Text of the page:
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Is Self-Knowledge Enough?
When we listen to the teachings, we often get the idea that self-realization is the goal and the final liberation. And while in its absolute sense that may be true, our daily lives are not always in harmony with our understanding of who we truly are.
Even after the recognition that we are whole and complete, actionless, ordinary awareness we may still find ourselves bogged down with unresolved life issues. Relationship issues, financial issues and health issues may linger long after we know who we are. People stay in dysfunctional relationships where the aliveness has long disappeared and only persist by the force of comfort, stability or habit. Struggles with looking for financial security and their associated fears continue. Or we look to others to be emotionally taken care of. Fears of disease, despair with chronic conditions and concerns about the future may plague people who have been with the teachings for a long time. Somehow recognizing yourself as awareness does not automatically resolve all unpleasant issues. Why?
The Difference Between Self-Realization and Self-Actualization
These problems come from the “not-self.” Understanding it at this point takes on an unprecedented importance. Vedanta goes to great lengths to analyze different layers of the not-self, which is made up of sheaths (koshas), to help us instantly recognize them for what they are and not be enamored of them. Classical texts such as Tattva Bodha devote more time to analysis of the five sheaths and the three bodies (shariras) than to direct assertions about the nature of self.
Being able to look at your issues, your unhealed tendencies, is a perquisite for self-actualization, the life that expresses the non-dual realization in daily experience. While the dessert of spiritual life, the beauty of awareness – the self – is so attractive and fulfilling, it is the recognition of the non-substantial nature of life problems that frees us to live in harmony with the nature of the self (dharma). This is accomplished by discriminating between the light of awareness – the self – from its shadow – the apparent, or “not-self.”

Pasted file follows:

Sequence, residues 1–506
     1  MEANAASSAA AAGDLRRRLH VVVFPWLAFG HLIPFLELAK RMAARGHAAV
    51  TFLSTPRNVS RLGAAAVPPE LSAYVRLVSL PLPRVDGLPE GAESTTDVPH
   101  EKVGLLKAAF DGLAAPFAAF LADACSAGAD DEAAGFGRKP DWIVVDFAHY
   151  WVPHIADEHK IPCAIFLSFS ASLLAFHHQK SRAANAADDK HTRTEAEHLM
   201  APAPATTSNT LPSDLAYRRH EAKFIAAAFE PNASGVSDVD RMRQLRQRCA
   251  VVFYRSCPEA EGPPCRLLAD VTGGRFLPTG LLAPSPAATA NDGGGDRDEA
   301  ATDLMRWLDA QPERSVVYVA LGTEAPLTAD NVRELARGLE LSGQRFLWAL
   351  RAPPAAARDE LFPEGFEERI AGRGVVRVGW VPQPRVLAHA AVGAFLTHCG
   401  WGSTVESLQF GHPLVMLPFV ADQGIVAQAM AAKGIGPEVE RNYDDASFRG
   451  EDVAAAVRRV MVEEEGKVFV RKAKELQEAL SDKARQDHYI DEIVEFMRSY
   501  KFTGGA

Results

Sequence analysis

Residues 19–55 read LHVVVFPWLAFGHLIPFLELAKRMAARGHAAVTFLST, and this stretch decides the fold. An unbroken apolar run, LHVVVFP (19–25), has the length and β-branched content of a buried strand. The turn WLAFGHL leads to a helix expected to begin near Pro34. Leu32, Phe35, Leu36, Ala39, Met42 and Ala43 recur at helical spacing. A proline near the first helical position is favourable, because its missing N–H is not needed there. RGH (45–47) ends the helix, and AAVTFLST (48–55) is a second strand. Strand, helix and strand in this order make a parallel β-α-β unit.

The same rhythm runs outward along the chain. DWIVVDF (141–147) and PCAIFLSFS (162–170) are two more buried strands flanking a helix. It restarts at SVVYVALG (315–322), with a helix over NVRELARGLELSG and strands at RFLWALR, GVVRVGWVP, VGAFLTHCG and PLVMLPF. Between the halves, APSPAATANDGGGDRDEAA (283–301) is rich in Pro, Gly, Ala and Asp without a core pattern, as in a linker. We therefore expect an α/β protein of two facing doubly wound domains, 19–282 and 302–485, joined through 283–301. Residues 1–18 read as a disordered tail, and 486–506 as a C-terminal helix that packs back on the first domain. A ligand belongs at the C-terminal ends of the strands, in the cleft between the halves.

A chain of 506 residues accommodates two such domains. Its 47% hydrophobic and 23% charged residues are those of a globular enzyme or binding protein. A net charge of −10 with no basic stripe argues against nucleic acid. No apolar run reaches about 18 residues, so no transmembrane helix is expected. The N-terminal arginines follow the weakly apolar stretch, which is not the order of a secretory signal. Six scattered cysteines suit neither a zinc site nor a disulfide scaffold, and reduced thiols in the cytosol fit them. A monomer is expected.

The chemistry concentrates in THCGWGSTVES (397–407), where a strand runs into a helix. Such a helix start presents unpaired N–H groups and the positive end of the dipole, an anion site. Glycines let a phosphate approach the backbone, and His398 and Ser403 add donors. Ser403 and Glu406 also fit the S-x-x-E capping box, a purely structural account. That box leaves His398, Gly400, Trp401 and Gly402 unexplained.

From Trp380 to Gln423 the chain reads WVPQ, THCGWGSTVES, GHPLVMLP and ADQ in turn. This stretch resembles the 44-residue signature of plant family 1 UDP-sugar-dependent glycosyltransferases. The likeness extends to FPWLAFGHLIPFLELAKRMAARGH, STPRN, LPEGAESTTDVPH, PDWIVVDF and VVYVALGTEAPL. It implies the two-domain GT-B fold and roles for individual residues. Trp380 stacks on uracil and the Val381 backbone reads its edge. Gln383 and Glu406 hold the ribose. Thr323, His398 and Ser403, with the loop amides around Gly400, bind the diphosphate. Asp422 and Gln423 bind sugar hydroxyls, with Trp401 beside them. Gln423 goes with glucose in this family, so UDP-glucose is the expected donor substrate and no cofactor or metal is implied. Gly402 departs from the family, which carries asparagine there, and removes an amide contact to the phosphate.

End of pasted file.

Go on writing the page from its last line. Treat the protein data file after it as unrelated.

Self-Realization Does Not Automatically Erase All Vasanas
Even after self-realization we observe persistent vasanas – hidden, i.e. unconscious, tendencies – manifesting themselves as desires and aversions. Those that do not bind us to action are harmless and need not concern us. Whether you like vanilla or chocolate does not tie you to the wheel of samsara. But some may severely affect your life. They may keep you persisting in situations that do not support peace of mind – or even actively distract you from it.
Recognition of such vasanas is an important step toward neutralizing them. Working according to the principles of karma yoga, being guided by understanding rather by emotional reactivity, is the key to harmonizing our life according to dharmic principles.
Understanding the Value of Mithya, the Apparent Reality
The dazzling shine of the self may be so attractive it makes it difficult for us to turn toward and examine the emptiness of the apparent reality, the everyday world we live in. We are often satisfied, at least for a time, not to touch the shadowy world of appearances, because it requires diligent work and does not bring up good feelings. It may feel a bit like doing “dirty work.” Because it is an unnerving feeling, we shy away from it. We forget the lesson of the Gita, to be a fearless warrior in the service of dharma. We withdraw at the thought of facing our partner with truth. We run away from honest work and look for handouts. We avoid going to a doctor when it is appropriate – or the opposite – we become compulsively preoccupied with healthy foods and other “healthy” practices to keep from looking at the root of the problem: dismissing the apparent reality of our lives because they are “only apparent.” We think we are beyond all that because the apparent reality – our everyday lives – are not “the truth.”
But we are not enlightened until our lives are enlightened. So we need to take the teachings of the five sheaths and the three bodies seriously, not just pass over them in pursuit of some kind of transcendental enlightenment. Self-realization is one thing, but living according to the dharma of our true nature with a devotional self-actualized mind open requires hard and fast knowledge of the apparent reality and how it relates to the radiant self “beyond.”
~ Paul Badhur